October 9, 2009

Extended Deadline

Filed under: Uncategorized — Habesha Diaspora @ 10:22 am

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Due to numerous requests, the deadline for submissions in this book project has been extended to December 31st, 2009.

I am reminded of my freshman seminar class at the University I work at. There is this moment after a question is posed to the group of 30 or so students when they all gaze at the person who has asked them the question; a dead stare encompassed by wide occasionally blinking eyes that makes one question the academic vigor with which the university’s selection process was conducted. I know you guys are smart, I see your test scores and resumes! Why am I getting a vacant stare now? Has it really been that long since I was on the other side of the desk being asked a question that drew a blank for me?

Well, my question for you is: why haven’t I heard your voice? I see the number of hits to this page, but we’ve only heard from a handful of you. Here is the list that I’ve come up with:

– You don’t think you have anything important to say

– You keep saying “Yeah, I want to do that!” but never get around to it because of a busy schedule

– You are just shy

Well, even if you don’t think what you have to say is important, say it any way! You might not think so, but someone else might be moved by what you have to say. Or you may trigger someone else to say something insightful, or not, as well. That is the definition of dialogue. It doesn’t always have to be brilliant, but if it starts and continues it will rise and ebb like waves on the beach.

A busy schedule- I mean. I understand this one, actually. Life is busy here in the states. So how important is your identity to you? How important is it to you to help someone find their identity?

If you’re shy, there is this fancy little thing called a “pen name.” You can make it up. Call yourself Queen Elizabeth if you must. Then you can say whatever you like without fear of judgement or retaliation to your person.

Am I on point or way off? If you have not made a comment yet on this blog… I implore you! I am very interested in your opinion and response to my question: where are the voices?

October 1, 2009

Why you should submit. You. Yeah YOU sitting there reading this.

Filed under: Uncategorized — Habesha Diaspora @ 2:57 am

Why should you submit something to this project anyway?

First of all, it’s not just about you. Okay, so your submission is all about you. Granted. But the purpose of your submission is about more than just you. You may be shy and feel embarrassed to have something you wrote be published in a book. What if people think its stupid or something? I won’t take this excuse as a personal vendetta against the taste of my sister or myself. But in case the general public doesn’t agree with what we think is good, you can always publish ANONYMOUSLY! Yeah, you know that thing where great works are published but we never know who wrote them to begin with? We’ll have to know who you are when you submit it, of course, but we vow not to leak that information to anyone else if you so choose.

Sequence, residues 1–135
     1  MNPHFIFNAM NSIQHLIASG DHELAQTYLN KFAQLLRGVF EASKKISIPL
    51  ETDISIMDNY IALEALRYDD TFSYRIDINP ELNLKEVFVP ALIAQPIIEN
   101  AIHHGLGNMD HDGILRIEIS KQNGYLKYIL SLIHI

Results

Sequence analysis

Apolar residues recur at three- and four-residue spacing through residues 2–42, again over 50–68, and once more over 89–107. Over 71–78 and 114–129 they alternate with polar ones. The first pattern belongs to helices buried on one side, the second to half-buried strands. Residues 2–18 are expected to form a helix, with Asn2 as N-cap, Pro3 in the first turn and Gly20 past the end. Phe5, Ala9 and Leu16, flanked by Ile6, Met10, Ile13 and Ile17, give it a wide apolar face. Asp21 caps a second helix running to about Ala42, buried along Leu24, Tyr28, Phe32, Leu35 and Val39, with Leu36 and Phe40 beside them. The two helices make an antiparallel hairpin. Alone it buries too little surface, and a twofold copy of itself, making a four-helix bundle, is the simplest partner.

Listen, we are very excited about putting this book together and all but we want you to understand that this project is an opportunity. Heaven forgive me, but how many times have you wanted to yell at an “elder” and say “Listen, Lady! I didn’t grow up back home! How the heck am I supposed to know its another saint’s day?!” Or get in the face of a classmate because he or she tried to berate you for not knowing the lyrics to some played-out 80’s rap song. “Helllooo?! I didn’t speak English ‘till the 90’s, you culturally-insensitive hypocrite!” So maybe that’s just me being a bit…histrionic. But I know you know that feeling I’m talking about; dealing with unrealistic expectations and not getting credit for adapting in ways people do not realize. This book is one way to not just release that frustration, but show the world who we are. We are a beautiful generation born from the sacrifices of generations before us. Though all of us may not have turned out exactly the way our path had been envisioned by those who sacrificed for us, we have forged our own paths and we’re making a huge impact in this little world of ours called America. How many times has a stranger approached you to ask “Are you Ethiopian/Eritrean/Somalian/?” They know because they met someone who was Ethiopian/Eritrean/Somalian and that someone made a difference in their lives. Maybe that someone is you.

So, I say get out of your box. Be brave. Be courageous. Not just for yourself but for that someone out there who needs to hear your voice to realize its okay to just be him/herself. You never know who you will reach, but if you don’t try we’re always just going to be separate entities floating around in this world of potential. Discover something about yourself today. Discover something about someone else. Submit something. Not only do you have absolutely nothing to lose, but its an opportunity for you to grow as a person.